City officials formally approved their Historic Preservation Ordinance, decided to protest a county tax and voted down a return to a mayoral rotation at Tuesday’s meeting.
Before city officials discussed the action items on the agenda, they took a moment to honor Saugus High’s boys and girls cross country teams -- city officials honored the boys team with a certificate of excellence for its record-breaking season and commended the girls for winning an unprecedented seventh straight CIF state cross country championship.
The city arts commissioner John Dow also reviewed the commission’s goals and obstacles, which included postponing the formation of an Arts Foundation. City Councilwoman Marsha McLean asked Dow and the commission to look into at least forming the basis for the group, even if the proposed group’s operation wasn’t feasible.
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The Historic Preservation Ordinance was a formality, after little protest preceded a vote 3-1 vote to approve the measure.
The ordinance OKs 11 structure that would be put on the city’s historic preservation list.
Those structures, plus those in Heritage Junction Historic Park, will be designated as historic.
The buildings are:
* The Newhall Ice Co. (5th Street)
* Sheriff Substation #6 (now part of Canyon Theatre Guild)
* Tom Mix Cottages (two structures on Main Street)
* Three structures at Melody Ranch (Main Gate, Gene Autry House, Barn)
* California Star Oil Company / Standard Oil House (now a private home)
* Old Newhall Jail (next to Old Town Newhall Library)
* American Legion Hall / American Theater (next to library)
* Santa Clarita Courthouse (at Railroad & Market)
Under a 2008 ordinance that remains in place until the new preservation ordinance takes effect, 43 properties are deemed historic.
The new ordinance relieves most of them from the designation. It requires property owners raise the standard for property owners who wish to demolish one of the 11 historic structures.
Instead of obtaining a demolition permit over the counter from the city’s planning division, the permit would have to be approved by the City Council. The ordinance gives the council the right, in such a case, to require that the building be moved to a location such as Heritage Junction or to a city park.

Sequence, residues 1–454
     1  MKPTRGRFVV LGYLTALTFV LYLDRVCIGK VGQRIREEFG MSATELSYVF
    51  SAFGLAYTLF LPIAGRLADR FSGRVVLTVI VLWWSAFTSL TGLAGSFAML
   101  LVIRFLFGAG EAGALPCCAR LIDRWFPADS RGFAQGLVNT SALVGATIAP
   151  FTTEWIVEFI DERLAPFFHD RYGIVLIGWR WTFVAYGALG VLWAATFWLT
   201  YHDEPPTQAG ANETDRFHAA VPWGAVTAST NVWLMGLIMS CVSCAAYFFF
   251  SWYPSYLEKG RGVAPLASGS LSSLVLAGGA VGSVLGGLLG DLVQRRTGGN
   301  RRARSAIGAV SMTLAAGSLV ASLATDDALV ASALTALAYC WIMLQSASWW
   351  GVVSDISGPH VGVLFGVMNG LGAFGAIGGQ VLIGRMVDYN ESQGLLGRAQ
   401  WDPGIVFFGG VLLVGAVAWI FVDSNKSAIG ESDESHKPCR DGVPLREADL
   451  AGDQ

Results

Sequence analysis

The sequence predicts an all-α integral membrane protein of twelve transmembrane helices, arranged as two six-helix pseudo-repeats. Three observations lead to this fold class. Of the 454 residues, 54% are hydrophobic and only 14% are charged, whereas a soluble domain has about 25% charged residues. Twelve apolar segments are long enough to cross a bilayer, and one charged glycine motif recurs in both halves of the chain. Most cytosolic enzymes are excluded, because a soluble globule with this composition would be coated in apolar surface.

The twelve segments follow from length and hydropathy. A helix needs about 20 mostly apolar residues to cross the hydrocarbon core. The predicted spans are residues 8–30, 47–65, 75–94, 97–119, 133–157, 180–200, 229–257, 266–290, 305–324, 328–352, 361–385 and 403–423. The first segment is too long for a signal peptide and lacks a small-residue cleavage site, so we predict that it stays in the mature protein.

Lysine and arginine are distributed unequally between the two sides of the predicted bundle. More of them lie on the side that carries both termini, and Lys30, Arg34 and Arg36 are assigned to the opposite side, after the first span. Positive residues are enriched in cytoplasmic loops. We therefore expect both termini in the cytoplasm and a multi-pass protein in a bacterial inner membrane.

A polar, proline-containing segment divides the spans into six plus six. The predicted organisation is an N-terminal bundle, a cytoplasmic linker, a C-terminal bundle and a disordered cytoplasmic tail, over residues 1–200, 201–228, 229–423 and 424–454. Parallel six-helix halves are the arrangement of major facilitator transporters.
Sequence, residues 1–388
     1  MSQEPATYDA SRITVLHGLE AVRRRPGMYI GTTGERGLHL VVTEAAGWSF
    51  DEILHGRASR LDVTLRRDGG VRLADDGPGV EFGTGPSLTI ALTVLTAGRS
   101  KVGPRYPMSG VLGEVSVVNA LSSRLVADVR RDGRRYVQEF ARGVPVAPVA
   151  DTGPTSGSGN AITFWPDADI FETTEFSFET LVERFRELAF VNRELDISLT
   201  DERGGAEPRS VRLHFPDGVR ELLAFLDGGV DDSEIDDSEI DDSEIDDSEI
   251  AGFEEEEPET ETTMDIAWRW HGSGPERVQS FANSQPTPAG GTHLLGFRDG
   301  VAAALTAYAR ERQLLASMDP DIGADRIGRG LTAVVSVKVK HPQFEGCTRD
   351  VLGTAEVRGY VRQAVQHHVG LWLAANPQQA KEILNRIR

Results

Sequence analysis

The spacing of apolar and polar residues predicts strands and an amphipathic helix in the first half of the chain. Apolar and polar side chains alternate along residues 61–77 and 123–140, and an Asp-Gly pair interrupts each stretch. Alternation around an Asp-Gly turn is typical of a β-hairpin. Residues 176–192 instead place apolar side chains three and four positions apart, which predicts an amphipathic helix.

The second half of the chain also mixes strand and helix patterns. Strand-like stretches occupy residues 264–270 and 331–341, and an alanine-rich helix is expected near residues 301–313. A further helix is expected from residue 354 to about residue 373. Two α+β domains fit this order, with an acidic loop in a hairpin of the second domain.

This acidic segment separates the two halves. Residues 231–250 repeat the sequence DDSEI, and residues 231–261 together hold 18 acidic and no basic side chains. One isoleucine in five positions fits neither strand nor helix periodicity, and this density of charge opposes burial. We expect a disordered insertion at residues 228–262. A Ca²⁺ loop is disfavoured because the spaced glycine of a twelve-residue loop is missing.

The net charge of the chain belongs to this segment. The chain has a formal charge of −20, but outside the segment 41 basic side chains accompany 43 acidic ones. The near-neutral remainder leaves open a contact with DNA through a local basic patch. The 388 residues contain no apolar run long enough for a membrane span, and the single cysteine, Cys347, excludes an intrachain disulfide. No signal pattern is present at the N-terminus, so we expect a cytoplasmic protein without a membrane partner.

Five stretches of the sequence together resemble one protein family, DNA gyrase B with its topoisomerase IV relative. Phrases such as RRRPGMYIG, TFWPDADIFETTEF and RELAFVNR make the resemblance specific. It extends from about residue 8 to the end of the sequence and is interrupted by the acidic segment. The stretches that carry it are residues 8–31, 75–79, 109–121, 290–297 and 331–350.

How the city chooses its mayor
CIty Council members will not entertain plans to change how the city’s mayor is chosen, after a 4-1 vote on an agenda item requested by TimBen Boydston.
Boydston asked his fellow City Council members to look into changing the mayor selection from a majority vote by council members to a simple rotation.
Boydston cited a history of “nasty politics” since the council decided to go to a majority vote in 1999.
Frank Ferry denied nasty politics existed, saying it was important that the mayor had to be a consensus builder, and that was why council members went to a majority vote.
Boydston was the only member who voted in favor of a rotation, explaining that the issue was about civility and fairness for all -- everyone should get a turn to be mayor. His fellow council members disagreed.
A stormwater-control tax, which city residents already pay, is being proposed by Los Angeles County Flood Control District officials, with the county set to have a hearing on the measure Jan. 15.
If county residents don’t hear protests from one more than 1.1 million residents by that date, which is considered unlikely, then voters will see the measure on a mail-in ballot in March.
The measure was assailed unanimously by council members who voted 5-0 to follow city staffers’ recommendation of filing a protest on behalf of all city properties.
The measure, which doesn’t exempt churches, schools or other nonprofits, would cost the city more than $450,000. A few of the larger churches and businesses could face a tax increase in the tens of thousands of dollars. School officials with local districts, such as William S. Hart Union High School District and Saugus Union, also filed complaints.
A big-lot store such as Target would face similar increases, as the only group that has a cap would be single-family homes.
“And they wonder why businesses are leaving California,” Kellar said, after the vote. “You wonder when the insanity will ever stop.”